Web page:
Tomorrow I’ll be demoing my Stanford Spatial Drupal distribution for some Stanford folks and David Rumsey. The demo includes an unrectified map of Germany around the Rhine from the 16th century that, shockingly, does not come from Rumsey’s amazing collection. The Drupal distribution gives users the ability to place their locations not only on the world as understood by modern geography–underwritten by satellites and shuttles and oil-and-war-fueled GIS technology–but also the world as it was described in the past, embellished with images of goats and cherubs and musket-firing swashbucklers.
Placing historical events on contemporary maps does more than just remind us of that the actors thought of their world differently, it also provides us with a series of shared coordinates that can be used to georectify the map.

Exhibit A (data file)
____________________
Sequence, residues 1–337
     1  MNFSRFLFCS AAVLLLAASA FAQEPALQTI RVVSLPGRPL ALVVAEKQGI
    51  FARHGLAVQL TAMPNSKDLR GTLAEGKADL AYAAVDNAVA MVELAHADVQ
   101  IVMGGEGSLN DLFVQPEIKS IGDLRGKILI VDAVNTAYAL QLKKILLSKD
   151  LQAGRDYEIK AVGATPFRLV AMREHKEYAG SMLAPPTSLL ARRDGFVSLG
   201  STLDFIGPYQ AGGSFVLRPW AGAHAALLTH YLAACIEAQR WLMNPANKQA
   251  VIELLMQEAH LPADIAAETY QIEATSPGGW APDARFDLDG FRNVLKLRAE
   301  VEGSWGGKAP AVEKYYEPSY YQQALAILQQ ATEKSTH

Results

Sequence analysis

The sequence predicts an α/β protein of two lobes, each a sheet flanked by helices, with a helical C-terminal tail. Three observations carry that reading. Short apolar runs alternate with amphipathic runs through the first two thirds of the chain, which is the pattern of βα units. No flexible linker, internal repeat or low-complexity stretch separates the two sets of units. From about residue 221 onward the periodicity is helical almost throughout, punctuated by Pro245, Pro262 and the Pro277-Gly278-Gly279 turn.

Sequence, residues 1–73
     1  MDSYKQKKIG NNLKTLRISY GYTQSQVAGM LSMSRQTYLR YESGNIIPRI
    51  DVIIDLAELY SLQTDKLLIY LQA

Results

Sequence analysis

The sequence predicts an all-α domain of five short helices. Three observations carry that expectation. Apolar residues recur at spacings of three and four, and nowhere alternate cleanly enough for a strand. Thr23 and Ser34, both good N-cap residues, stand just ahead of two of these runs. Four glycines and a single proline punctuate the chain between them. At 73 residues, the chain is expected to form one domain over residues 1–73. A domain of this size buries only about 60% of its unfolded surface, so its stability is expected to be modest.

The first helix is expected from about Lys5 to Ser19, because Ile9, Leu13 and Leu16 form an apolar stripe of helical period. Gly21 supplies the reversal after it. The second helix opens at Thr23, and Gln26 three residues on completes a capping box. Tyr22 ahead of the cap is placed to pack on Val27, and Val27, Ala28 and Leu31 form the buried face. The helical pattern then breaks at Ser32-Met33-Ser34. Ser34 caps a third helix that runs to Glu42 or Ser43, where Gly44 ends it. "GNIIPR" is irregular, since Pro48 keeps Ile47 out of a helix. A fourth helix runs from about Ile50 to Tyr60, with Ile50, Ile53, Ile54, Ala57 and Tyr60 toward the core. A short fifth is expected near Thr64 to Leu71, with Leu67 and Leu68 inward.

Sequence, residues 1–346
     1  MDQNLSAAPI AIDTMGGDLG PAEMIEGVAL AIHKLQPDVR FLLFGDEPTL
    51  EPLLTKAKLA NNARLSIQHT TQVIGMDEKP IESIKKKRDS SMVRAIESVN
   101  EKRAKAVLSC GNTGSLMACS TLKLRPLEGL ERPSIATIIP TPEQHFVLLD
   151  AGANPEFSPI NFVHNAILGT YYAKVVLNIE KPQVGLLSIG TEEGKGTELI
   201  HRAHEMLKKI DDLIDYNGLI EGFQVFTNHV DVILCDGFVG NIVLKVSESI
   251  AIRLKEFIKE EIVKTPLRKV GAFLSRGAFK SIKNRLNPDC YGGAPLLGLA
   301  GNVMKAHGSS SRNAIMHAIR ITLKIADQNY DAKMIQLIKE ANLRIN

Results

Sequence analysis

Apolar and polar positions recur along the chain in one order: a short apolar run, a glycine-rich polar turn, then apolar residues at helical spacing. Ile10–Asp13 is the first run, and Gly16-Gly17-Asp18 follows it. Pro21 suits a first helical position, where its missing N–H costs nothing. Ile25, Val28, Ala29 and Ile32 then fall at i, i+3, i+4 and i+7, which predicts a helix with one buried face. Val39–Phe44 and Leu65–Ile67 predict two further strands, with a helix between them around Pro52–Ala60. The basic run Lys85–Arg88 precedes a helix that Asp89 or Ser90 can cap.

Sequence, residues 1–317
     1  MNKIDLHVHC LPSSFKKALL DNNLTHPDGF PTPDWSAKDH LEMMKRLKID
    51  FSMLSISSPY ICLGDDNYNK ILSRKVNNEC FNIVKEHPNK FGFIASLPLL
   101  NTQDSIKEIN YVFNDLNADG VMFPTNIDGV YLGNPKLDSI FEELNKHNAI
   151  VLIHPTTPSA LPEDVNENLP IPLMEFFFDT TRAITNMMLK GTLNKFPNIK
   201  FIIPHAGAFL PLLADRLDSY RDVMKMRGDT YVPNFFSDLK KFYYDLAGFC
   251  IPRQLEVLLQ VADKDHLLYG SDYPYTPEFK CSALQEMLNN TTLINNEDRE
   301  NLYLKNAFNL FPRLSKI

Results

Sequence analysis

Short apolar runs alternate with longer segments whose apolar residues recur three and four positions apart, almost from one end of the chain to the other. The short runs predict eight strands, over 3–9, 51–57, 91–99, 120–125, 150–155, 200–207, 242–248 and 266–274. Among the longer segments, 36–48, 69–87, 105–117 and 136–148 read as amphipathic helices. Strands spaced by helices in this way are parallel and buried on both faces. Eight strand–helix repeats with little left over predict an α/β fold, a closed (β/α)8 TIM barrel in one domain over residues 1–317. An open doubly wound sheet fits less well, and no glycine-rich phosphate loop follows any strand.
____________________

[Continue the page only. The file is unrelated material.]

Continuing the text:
Under the hood, each location node has two geofield-formatted entries, one for the traditional lat-long coordinate system and one for the xy coordinates of the map. This allows the scholar to store information about the node (or, in the case of the weak event model in use in this system, an annotated interrelation between nodes known as an “event”) without duplicating effort or preferencing one representation of reality over another.
I’ll post a more detailed explanation of this distribution, its uses and how to integrate the various modules once I get it into a more finished state. Suffice to say, Drupal 7 provides a very decent platform for serving spatial data and assisting spatially-oriented collaborative scholarship.